Anyway, that's my quick 'n dirty analysis. You can see, based on the ability to play around with geometry parameters more independently of each other, why the T/A is fairly popular.

The key for me is that you can't analyze a T/A the same way as a ladder bar, or any multi-link suspension with a known SVSA. If you think of the forces in the suspension not as "jacking" effects, but as torques which must be reacted by the suspension members, it makes this easier.

Example: car with 100" wheelbase, 20" C.G. Call the ratio of these two, 20/100 = .20, the weight transfer ratio (WTR). If we have a ladder bar with forward mount point 10" off the ground and 50" forward of the axle center, we can construct another ratio, call it the anti-squat force ratio (AFR). In this case, the AFR is 10/50 = .20, and the percentage anti-squat = AFR / WTR = .2 / .2 = 100 percent. Easy.

Torque arm is more problematic, because the effective lengths we need for the above ratios are no longer determined strictly by a physical (ladder bar) or virtual (multi-link intersection) center point. Here's the torque arm analysis, starting with trailing links that are level with the ground. Think of the force on the contact patch generating a torque by acting on a lever arm which is the height of the level trailing links. This torque is reacted by an essentially horizontal arm, the torque arm. Thus, the anti-squat force ratio (AFR) becomes the height of the level trailing link, divided by the length of the torque arm. Back to our above example, if the level trailing link is 10" high and the torque arm is 50" long, the AFR is .2 and our anti-squat is 100 percent again. Note that for nearly level torque arms - which is always the case - the height of the front torque arm mounting point is essentially irrelevant.

If the rear trailing links are angled up or down in the side view, the analysis is complicated somewhat because the trailing links will add their own "jacking effects". If the links are angled down toward the front, they will reduce anti-squat, if up, they increase it. This effect is also simple to calculate: divide the vertical gain in distance from rear to front pivot by the horizontal distance from rear to front pivot. For instance, front trailing arm pivot is 10" high, rear pivot is 11", horizontal distance between pivots 20", the anti-squat force ratio contributed by the trailing links is (10 - 11) / 20 = -.05. Angling the trailing links upward to the rear "stole" a fourth of our anti-squat in this case. So the formula for anti-squat is: (AFRtorquearm + AFRtrailinglinks) / WTR. AFRtrailinglinks is a positive number for links angled down to the rear, negative number for trailing links angled up to the rear.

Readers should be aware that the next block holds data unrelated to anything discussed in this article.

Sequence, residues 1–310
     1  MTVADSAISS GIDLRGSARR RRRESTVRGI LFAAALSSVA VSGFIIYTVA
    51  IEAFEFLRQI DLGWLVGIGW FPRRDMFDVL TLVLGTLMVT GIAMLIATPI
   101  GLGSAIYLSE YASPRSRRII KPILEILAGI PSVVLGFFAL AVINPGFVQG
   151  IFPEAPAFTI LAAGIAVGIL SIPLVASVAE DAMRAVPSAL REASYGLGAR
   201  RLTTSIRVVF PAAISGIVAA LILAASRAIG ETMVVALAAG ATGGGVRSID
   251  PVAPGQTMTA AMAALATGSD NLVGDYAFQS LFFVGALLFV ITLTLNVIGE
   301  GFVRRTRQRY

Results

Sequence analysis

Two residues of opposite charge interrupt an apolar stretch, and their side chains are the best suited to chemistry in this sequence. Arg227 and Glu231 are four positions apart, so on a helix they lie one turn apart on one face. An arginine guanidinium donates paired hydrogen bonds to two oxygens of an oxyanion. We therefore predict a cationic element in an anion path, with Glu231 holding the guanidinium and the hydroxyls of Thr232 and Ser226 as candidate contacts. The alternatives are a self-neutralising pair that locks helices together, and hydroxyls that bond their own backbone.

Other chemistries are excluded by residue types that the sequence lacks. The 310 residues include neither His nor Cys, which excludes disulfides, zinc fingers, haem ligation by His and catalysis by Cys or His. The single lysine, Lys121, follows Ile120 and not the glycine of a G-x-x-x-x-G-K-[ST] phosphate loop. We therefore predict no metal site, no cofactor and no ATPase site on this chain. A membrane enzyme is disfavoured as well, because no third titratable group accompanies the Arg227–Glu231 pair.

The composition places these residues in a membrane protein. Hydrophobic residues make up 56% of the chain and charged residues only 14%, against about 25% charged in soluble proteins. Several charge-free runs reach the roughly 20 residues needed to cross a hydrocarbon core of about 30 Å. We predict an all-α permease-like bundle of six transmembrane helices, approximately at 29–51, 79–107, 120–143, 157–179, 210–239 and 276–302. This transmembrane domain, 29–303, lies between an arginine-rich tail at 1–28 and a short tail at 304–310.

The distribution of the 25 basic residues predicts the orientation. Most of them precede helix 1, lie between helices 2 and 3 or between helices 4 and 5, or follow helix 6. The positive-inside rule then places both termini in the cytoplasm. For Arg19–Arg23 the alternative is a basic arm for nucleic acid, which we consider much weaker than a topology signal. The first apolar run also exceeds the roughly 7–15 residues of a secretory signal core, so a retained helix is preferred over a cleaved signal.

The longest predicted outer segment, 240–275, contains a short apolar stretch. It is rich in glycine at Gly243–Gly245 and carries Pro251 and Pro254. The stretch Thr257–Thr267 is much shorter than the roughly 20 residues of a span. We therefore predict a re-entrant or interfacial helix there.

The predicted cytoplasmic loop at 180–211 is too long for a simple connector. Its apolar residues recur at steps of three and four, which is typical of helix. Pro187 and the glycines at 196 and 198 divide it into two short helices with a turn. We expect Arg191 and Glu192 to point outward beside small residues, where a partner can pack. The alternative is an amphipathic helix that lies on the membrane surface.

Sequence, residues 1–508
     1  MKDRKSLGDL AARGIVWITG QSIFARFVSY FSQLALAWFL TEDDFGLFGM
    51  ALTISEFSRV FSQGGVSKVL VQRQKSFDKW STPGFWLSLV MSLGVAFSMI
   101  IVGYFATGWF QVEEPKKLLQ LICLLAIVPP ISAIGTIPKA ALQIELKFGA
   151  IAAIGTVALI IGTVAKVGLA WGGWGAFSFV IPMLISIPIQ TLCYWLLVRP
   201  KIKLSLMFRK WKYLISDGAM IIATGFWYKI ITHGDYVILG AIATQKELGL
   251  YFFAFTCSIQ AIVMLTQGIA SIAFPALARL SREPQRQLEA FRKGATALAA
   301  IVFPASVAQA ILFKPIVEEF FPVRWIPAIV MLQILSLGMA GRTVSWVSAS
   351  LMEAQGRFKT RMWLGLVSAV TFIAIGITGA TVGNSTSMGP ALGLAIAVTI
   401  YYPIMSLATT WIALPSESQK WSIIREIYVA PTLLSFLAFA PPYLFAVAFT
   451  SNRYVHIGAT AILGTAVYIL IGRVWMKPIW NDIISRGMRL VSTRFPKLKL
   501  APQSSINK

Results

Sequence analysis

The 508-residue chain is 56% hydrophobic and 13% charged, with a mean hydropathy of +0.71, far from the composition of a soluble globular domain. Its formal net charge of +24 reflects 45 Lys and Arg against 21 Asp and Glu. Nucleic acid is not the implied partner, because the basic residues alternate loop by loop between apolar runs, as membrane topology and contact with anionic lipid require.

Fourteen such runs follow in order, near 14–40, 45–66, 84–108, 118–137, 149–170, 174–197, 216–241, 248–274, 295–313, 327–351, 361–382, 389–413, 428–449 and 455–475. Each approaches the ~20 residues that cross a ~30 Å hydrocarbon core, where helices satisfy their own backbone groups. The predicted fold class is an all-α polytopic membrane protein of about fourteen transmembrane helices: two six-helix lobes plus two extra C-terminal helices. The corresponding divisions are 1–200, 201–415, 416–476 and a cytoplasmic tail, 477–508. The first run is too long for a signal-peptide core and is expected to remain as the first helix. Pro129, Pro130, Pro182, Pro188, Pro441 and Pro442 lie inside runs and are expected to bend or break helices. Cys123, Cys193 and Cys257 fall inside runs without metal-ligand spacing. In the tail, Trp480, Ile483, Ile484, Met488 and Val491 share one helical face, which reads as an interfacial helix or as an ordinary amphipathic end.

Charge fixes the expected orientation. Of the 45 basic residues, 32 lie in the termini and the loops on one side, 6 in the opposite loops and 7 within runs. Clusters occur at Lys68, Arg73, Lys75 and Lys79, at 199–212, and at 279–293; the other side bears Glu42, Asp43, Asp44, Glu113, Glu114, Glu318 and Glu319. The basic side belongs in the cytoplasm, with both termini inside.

What if we do want to make our trailing links angle upward to the rear, to induce a bit of roll understeer? Well, we can shorten the torque arm proportionally to recover the desired anti-squat - in the above example, we need to increase AFRtorquearm to .25, which we can do by shortening the T.A. to 40". Won't that shorter torque arm lead to more brake hop? Curiously, maybe not in this specific instance. Remember that the front of the torque arm is constrained only in the vertical direction, it is not a pivot point. The actual side view arc of motion (the SVSA) will be larger in radius than the torque arm, because the links angled up to the rear will "push" the axle backwards somewhat as the rear of the car lifts. Of course, once the trailing arms move past level, the opposite will occur, and the SVSA will be shorter than the T/A length.

Anyway, that's my quick 'n dirty analysis. You can see, based on the ability to play around with geometry parameters more independently of each other, why the T/A is fairly popular.